Five Marines may face charges in Haditha killings

Military authorities may soon charge five Camp Pendleton Marines in the deaths of 24 Iraqi civilians in the city of Haditha just over one year ago, according to a story Tuesday on National Public Radio that named the five men.

The radio network reported that prosecutors are weighing whether to file charges of negligent homicide or murder against the men. The five are identified in the story as Sgt. Frank Wuterich, who has since been promoted to the rank of staff sergeant, Cpls. Hector Salinas, Sanick De la Cruz and Lance Cpls. Stephen Tatum and Justin Sharratt.

Marine Corps spokesman Lt. Col. Sean Gibson said he could not confirm the radio report, which attributed its information to unnamed Pentagon sources.
"We are not making any announcements," Gibson said from his office at Camp Pendleton. "No decisions have been made."

Iraqi witnesses have contended that Marines from the 1st Squad, 3rd Platoon of Kilo Company attached to Camp Pendleton's 3rd Battalion, 1st Marine Regiment went on a rampage after one of their own was killed by a roadside bomb as the Marines passed through the city.

This summer, Wuterich made statements defending himself and the other Marines, saying the deaths occurred as the troops pursued what they believed to be enemy insurgents.

Wuterich's attorney Zaid said Tuesday that he was getting tired of unsubstantiated reports out of the Defense Department that his client and other Marines are "about" to be charged.

"The cowardly anonymous DOD sources have been saying for the last four months that charges were imminent -- so we have stopped trying to figure out when it is," Zaid said.

Tatum's attorney, Houston-based Jack Zimmerman echoed those feelings.

"People have been predicting somebody was going to get charged in this case ever since last summer -- so eventually, someone is going to be right," Zimmerman said in a phone interview late Tuesday. "Lance Cpl. Tatum did not commit any crime."

In August, Wuterich filed a lawsuit against U.S. Rep. John Murtha, D-Pa., after the congressman told reporters in May that the Marines in the Haditha incident had "killed innocent civilians in cold blood." Murtha is a retired Marine colonel.

Wuterich reported that after his convoy was hit by a roadside bomb, a car full of "military-aged" men approached in a taxi. When the men ran after being ordered in Arabic to stop, the Marines shot and killed them, Wuterich stated in the complaint against Murtha.

In Tuesday's radio story, however, the network reported that investigators took photos a short time after the killings that showed all five bodies were next to the cab and no evidence that "any of them ran."

Zaid, who is representing Wuterich in the lawsuit against Murtha, said that even though the photos may show the bodies very close to the cab, that doesn't mean the men weren't fleeing.

"First of all, I don't believe any rumors coming out of the Defense Department -- I need to see the physical evidence," Zaid said. "We have no idea if anybody moved any of the bodies."

Secondly, most people have a "non-wartime" perception about what it means to say they started to run, he said. The convoy had been attacked at the time the men showed up and they failed to obey the order shouted in Arabic to get out of the car and on the ground, he said.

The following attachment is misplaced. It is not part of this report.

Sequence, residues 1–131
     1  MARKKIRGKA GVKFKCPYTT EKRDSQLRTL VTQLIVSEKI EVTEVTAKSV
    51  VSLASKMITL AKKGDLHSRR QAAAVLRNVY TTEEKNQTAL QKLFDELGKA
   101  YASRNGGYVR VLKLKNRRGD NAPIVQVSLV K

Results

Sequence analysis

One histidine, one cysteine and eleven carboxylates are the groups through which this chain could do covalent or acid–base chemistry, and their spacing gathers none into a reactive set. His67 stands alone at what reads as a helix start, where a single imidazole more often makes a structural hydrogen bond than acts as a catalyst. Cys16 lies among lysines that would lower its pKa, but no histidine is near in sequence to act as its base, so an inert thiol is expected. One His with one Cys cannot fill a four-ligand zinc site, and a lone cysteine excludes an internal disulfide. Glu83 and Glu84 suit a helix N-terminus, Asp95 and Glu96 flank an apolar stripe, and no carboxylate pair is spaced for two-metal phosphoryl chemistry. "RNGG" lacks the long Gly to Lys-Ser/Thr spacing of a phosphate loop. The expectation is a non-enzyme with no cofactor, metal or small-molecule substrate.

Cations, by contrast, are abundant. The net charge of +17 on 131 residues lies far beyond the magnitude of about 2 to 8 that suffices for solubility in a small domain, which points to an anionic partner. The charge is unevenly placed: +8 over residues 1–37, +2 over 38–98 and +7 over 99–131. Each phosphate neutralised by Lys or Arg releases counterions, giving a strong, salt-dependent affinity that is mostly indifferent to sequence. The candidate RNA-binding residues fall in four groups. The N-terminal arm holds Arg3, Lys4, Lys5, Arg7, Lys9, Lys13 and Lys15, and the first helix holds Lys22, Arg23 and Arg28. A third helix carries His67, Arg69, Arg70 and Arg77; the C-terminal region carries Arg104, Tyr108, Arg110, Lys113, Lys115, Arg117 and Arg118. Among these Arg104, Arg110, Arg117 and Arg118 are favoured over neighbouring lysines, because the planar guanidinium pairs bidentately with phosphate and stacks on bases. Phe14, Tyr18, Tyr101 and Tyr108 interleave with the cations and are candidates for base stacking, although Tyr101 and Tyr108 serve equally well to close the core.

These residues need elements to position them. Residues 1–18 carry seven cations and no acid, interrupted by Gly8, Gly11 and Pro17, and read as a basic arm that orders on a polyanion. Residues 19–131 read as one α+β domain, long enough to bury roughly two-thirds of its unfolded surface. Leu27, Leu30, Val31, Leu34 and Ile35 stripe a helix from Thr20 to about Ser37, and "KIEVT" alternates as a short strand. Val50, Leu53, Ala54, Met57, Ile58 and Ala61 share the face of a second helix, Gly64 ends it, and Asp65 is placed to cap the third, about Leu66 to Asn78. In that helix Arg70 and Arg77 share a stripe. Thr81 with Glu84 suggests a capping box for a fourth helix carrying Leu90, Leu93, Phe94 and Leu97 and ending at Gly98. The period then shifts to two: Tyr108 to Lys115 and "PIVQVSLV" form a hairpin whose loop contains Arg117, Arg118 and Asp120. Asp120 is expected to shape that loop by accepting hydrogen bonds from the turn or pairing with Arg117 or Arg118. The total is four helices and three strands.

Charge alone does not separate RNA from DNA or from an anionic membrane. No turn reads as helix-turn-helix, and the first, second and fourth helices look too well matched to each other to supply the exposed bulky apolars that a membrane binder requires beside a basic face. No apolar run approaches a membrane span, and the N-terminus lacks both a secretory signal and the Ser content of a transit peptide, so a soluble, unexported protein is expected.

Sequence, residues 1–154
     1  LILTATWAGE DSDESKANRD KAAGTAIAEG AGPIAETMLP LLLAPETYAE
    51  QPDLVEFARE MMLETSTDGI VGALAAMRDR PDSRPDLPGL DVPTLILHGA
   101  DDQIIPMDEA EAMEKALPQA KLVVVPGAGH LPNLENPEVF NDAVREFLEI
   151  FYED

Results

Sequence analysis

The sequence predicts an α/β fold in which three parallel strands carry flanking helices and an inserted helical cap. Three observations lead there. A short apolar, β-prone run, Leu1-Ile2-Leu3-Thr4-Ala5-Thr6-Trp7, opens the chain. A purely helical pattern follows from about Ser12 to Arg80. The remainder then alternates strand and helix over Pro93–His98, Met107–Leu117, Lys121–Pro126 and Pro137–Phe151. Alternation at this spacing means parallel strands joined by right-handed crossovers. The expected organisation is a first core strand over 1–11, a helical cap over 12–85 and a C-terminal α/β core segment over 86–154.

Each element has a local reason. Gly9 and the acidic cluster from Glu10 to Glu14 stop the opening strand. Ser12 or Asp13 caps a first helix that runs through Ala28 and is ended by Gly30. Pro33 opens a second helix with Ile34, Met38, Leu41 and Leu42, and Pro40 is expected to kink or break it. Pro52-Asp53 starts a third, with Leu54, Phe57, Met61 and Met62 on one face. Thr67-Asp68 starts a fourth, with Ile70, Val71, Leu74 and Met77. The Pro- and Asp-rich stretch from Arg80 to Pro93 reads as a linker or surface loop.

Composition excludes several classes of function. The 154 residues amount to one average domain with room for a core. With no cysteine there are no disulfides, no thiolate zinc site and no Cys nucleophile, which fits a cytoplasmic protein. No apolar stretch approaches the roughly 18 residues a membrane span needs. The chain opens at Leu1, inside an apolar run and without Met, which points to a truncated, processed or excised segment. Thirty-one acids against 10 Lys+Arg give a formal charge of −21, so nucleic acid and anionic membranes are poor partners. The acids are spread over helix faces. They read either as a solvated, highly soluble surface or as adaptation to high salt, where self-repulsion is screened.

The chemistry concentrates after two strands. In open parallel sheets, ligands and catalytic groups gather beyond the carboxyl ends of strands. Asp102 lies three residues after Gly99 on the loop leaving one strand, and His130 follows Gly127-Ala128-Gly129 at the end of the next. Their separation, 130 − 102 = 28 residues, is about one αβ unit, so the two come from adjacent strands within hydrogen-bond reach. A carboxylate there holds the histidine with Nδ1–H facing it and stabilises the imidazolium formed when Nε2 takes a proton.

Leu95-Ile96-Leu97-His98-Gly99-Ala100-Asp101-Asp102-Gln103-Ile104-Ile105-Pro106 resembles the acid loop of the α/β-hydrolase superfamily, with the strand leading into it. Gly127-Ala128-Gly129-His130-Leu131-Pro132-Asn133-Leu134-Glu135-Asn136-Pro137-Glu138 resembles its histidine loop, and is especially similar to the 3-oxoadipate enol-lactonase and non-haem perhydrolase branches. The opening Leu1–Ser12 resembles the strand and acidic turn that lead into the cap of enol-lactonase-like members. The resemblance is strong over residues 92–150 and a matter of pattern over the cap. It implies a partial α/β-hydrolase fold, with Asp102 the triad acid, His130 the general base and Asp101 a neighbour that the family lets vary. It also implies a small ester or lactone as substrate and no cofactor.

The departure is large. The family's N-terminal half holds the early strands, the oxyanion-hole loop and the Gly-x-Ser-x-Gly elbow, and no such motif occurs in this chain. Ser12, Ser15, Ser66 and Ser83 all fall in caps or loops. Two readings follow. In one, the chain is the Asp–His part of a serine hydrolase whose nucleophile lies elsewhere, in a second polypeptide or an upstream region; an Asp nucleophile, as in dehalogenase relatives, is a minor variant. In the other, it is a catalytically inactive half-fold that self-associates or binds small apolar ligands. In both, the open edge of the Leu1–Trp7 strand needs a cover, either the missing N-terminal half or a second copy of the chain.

The Marines had no idea if the men were armed, and under the rules of engagement, once the men failed to obey orders and "started to run" -- even if only a few feet from the cab --- they could be considered hostile.

"I definitely think the rules of engagement permitted them to have fired," Zaid said.

Washington attorney Gary Meyers, who represents Lance Cpl. Sharratt, said his client was not near the cab at the time passengers were shot.

He added he is not overly concerned that charges may be filed.

"If charges are brought, charges are brought and we'll see what they are," Meyers said, adding negligent homicide should not be one of the charges.

"It's absurd to apply civilian standards of 'due care' in a combat environment," Meyers said. "Negligent homicide cannot be on the table in this setting."

In Wuterich's lawsuit against Murtha, the sergeant alleges that gunshots were heard from homes at the side of the road and that the Marines then invaded three of the houses in pursuit of what they believed were enemy combatants.

In the third house, the Marines saw a man running into the home, pursued him and killed him and three others as they "attempted to fire their weapons," the lawsuit complaint stated.

Don't Think Americans Support The Troops, The Comments Below Say Otherwise:

Samuel wrote on November 22, 2006 7:52 PM:"You know, pretty soon, at the rate they're going, they are going to try and charge every Marine who fought in combat for murder. Pathetic!"

pam wrote on November 22, 2006 9:43 PM:"hello!!!! war is ugly, if our Marines can't fight to protect themselfs then God help them bring them all home now."

Adam wrote on November 22, 2006 9:45 PM:" 3,709 Iraqi civilians were killed in the month of October. What's a few more here or there. During time of war people get killed If we don't like it then the president should pull our troops out of there. I have no problem with "cut and run". Let the Iraqis fix their own problems."

Cpl S. wrote on November 25, 2006 12:49 AM:
"SSgt Wuterich was one of my instructors at Marine Combat Training. I would've followed him then and now. He was calm and collected and always trying to do the right thing for we Marines. -Semper Fi"

Walter... wrote on November 25, 2006 8:15 AM:"i want some leakers doing ten to twenty, especially when the consequence of the leaks is destructive of the moral of front line troops."

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